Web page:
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Curr Opin Anaesthesiol. 2009 Apr;22(2):199-206. doi: 10.1097/ACO.0b013e328323f7aa.

Healthcare safety committee in Japan: mandatory accountability reporting system and punishment.

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Pulmonary, Allergy, Critical Care and Sleep Medicine, Department of Medicine, University of Minnesota, Minneapolis, Minnesota, USA.



The publication of To Err is Human by the Institute of Medicine highlighted the increased international concern about patient safety. Each country has developed its own medical adverse event reporting system. In 2007, the Japanese government attempted to establish a new accountability system in medicine, after an obstetrician was arrested for manslaughter. This paper reviews how this accountability system affected Japanese physicians' behavior, and describes different types of medical adverse event reporting systems.


In general, reporting of adverse event systems can be either mandatory or voluntary, with the purpose being either for learning or for accountability. The goal of a newly proposed mandatory accountability system from the Japanese government was to investigate the cause of death in medical cases in order to clarify liability. Reports generated by this system could potentially be cited in civil law suits, administrative sanctions, and criminal prosecutions. After announcement of this new system, Japanese physicians began to act defensively, fearing criminal prosecution. Refusing to see high-risk patients and 'bouncing' (sometimes referred to as 'turfing' or 'dumping') to other hospitals became national phenomena. In addition, medical school graduates began avoiding highly legally vulnerable specialties. Even though this new system is not yet legalized in Japan, at least 153 obstetrics hospitals and 3320 clinics have closed.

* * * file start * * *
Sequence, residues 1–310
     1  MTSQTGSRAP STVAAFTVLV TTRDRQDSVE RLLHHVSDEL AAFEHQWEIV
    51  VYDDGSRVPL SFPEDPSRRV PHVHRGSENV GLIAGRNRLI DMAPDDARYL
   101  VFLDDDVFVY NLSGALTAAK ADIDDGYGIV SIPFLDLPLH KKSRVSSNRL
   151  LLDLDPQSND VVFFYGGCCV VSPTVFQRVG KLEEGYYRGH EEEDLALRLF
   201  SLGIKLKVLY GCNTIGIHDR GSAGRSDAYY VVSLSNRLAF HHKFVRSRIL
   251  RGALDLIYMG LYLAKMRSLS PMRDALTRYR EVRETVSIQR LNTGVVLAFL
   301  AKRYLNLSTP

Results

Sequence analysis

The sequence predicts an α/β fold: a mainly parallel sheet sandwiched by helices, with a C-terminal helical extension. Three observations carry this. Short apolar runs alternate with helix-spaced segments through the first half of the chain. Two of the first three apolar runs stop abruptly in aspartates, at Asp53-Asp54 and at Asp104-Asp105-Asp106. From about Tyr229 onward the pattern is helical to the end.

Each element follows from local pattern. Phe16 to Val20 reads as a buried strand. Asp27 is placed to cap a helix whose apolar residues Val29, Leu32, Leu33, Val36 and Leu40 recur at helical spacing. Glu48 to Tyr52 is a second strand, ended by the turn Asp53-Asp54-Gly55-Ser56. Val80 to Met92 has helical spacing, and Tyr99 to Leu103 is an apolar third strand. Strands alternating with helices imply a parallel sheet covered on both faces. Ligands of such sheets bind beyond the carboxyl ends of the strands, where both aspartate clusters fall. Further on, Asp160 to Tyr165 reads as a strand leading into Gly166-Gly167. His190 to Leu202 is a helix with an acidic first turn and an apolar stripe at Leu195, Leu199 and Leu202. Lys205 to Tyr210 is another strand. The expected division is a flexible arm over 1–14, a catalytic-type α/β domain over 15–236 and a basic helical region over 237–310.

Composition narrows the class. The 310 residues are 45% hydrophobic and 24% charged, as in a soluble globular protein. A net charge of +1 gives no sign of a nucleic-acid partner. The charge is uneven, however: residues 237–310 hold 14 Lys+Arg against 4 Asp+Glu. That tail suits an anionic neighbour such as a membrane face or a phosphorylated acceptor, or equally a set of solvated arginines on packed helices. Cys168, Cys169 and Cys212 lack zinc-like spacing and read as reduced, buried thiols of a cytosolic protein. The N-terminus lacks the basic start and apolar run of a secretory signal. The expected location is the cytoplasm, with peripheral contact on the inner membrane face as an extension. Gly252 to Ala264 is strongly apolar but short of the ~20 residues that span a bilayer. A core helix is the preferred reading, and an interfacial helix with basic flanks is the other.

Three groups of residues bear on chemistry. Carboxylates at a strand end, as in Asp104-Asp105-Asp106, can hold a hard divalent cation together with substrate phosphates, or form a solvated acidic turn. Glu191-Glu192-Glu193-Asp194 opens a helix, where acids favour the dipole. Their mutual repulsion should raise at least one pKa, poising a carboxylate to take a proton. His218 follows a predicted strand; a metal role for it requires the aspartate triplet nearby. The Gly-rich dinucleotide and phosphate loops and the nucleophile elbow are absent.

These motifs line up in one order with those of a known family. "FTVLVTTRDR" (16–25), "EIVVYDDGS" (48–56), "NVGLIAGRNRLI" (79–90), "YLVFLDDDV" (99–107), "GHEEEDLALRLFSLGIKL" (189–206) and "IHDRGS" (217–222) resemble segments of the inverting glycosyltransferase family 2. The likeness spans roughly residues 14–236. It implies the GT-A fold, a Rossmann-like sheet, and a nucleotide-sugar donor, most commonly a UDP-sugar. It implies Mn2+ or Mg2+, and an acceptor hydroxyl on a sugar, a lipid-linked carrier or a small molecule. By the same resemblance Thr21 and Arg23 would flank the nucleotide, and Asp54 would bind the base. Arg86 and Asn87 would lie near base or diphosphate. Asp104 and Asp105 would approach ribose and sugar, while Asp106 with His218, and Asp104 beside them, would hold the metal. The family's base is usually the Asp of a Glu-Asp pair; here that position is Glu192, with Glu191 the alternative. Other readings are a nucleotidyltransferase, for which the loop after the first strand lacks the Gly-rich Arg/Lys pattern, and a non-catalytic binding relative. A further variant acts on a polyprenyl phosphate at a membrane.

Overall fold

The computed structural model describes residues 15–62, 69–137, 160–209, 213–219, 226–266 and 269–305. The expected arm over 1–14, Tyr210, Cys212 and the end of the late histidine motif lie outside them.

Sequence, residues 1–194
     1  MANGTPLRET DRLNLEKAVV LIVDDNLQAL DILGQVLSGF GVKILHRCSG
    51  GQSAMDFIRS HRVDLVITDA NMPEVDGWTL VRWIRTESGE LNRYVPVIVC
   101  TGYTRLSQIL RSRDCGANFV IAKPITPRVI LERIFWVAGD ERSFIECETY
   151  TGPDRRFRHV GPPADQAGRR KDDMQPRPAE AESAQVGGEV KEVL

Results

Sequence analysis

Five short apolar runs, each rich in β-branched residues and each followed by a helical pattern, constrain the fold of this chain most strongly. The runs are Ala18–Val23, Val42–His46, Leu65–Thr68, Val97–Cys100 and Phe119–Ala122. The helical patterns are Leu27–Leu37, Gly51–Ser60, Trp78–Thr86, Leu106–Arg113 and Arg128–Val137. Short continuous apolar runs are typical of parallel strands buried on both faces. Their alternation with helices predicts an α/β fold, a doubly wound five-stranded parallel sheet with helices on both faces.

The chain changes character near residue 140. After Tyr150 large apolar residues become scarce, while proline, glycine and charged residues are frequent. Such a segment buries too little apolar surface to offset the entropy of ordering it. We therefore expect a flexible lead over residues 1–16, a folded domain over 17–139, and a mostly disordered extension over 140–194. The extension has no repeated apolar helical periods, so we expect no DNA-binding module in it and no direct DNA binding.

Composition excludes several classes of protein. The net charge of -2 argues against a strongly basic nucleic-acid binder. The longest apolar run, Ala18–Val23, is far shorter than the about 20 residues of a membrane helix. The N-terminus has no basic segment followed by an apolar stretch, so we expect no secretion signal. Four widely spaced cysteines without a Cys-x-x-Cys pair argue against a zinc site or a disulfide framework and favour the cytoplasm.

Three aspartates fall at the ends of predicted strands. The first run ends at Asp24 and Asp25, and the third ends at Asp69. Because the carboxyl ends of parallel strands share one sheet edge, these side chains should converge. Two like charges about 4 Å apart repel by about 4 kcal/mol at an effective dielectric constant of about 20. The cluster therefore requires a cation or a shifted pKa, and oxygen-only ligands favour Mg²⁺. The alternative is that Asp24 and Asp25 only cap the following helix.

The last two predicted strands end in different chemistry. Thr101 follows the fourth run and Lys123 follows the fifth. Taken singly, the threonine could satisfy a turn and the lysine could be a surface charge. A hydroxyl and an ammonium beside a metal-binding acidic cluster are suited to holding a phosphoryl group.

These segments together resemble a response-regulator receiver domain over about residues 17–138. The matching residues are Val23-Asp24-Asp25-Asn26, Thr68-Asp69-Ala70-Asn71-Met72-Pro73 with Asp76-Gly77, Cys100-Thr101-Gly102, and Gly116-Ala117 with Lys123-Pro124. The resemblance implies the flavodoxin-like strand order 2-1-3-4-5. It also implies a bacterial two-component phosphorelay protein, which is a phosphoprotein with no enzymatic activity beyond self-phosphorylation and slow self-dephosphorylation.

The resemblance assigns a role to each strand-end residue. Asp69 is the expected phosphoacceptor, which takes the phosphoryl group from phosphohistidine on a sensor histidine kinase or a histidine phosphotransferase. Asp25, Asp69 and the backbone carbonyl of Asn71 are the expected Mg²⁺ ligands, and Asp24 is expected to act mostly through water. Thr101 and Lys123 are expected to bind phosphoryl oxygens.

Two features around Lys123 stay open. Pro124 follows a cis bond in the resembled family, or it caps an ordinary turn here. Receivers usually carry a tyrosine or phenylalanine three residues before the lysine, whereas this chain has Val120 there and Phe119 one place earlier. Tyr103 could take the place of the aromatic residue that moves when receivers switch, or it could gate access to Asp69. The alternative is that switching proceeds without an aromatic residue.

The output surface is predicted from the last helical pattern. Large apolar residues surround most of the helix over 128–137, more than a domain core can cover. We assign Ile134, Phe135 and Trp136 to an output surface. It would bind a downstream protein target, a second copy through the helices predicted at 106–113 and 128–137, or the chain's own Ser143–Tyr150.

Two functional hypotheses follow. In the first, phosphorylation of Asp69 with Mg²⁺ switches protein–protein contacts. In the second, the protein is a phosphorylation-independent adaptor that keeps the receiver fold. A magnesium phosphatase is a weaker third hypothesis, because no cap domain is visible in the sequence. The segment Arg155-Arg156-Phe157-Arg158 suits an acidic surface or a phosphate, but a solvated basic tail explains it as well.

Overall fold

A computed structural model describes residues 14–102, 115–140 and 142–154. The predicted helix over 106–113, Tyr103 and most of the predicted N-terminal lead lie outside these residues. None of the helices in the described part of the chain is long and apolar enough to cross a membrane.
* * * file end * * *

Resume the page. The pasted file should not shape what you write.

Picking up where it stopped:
The new system of investigating medical adverse events in Japan allows for incident reports to be utilized in court. This has led to widespread fear of prosecution and defensive medicine. The lessons from Japan should be considered when other countries implement nationwide accountability systems.

[Indexed for MEDLINE]

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